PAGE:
Food addicts

A battle of body.

Woman standing on bathroom scale measuring her weight  (photo credit: INGIMAGE)
Woman standing on bathroom scale measuring her weight
(photo credit: INGIMAGE)
Of the many afflictions with which Western society grapples in the modern age, few are as pervasive and elusive as the growing epidemic of eating disorders.
Though the issue has never really stood in the spotlight of public discourse in Israel, the reader will be surprised to learn just how many of the people around them are fighting this ruthless condition in its many subtle forms, often showing few signs in their physical appearance that may hint at their daily struggle.
The shame and frustration commonly felt by the victims of eating disorders – as many as five percent of the Israeli population by some estimates – means, more often than not, that they keep their ailment a secret from their surroundings, and in doing so, deprive themselves of potential helping hands. Many even carry on their private struggle completely unaware that their suffering is a diagnosable disease. It is hardly a surprise, therefore, that most who battle alone bitterly fail to overcome the disorder.
“I tried practically every method and diet that is out there, sometimes failing completely to drop the pounds, other times losing weight but then quickly gaining it back again,” recalls Abigail (a pseudonym). “I weighed more than 200 pounds [90 kilograms], but even worse – I was in a self-destructive cycle of obsession with food and anger with myself that made my life completely miserable.”
The first step that ultimately empowered Abigail to gain control over her eating habits and her life in general was the decision not to fight alone. Joining a local group of Food Addicts in Recovery Anonymous, she found a close-knit circle of companions with whom to confide and seek the moral support that is so vital for success. Her new comrades were suffering themselves from eating disorders of all kinds imaginable – from bulimia and anorexia to various degrees of obesity.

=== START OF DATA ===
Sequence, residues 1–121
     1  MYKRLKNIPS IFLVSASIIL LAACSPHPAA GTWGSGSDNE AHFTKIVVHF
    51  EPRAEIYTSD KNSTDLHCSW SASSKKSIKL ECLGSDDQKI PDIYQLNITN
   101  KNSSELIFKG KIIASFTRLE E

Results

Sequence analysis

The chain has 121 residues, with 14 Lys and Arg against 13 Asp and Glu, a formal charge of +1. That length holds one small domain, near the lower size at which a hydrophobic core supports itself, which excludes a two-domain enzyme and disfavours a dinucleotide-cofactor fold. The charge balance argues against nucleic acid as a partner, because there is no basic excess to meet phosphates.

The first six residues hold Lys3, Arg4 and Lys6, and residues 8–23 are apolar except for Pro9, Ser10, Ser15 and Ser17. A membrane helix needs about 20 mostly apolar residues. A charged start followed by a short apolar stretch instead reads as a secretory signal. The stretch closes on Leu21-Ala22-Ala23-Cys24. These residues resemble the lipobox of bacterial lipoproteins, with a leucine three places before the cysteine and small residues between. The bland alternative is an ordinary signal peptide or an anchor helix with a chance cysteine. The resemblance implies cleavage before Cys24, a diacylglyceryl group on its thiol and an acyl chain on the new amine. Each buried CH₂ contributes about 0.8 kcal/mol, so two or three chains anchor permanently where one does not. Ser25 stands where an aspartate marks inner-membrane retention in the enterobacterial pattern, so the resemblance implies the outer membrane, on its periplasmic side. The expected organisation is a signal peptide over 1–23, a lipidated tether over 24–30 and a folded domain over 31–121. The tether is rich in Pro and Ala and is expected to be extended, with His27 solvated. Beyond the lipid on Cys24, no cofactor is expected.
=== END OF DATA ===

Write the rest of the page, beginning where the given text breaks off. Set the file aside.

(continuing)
What sets Food Addicts apart from other programs is its distinct “bottom-up,” non-hierarchical organization, modeled after the more widely known Alcoholics Anonymous in the US. It is fundamentally an intimate community of addicts who meet weekly to share their personal experience and offer their guidance to each other, with more seasoned members naturally taking the lead in helping newcomers into the program. A global network of fellows provides an endless directory of friends to which any addict can call for support in moments of crisis.
Having experienced eating disorders since her teenage years, Miriam (a pseudonym) realizes in retrospect that joining FA marked a “paradigm shift” in her life, from which overcoming her addiction came naturally. “For me it was a last stop. I couldn’t separate my weight from my dealings with other people. The change came when I realized I wasn’t the center of the universe, and being part of the FA community shifted my focus to the needs of others.”
Having both made aliya separately from North America over a year ago, Miriam and Abigail’s paths crossed as they decided to open an FA group in Jerusalem. They “just needed to continue the weekly meetings” that had lifted them both in their home countries from an unmanageable life controlled by their addiction to food. In doing so, they also opened the door for the first time to anyone in Jerusalem who is in profound need of such a program. Theirs is in fact the first FA circle to be held in Israel.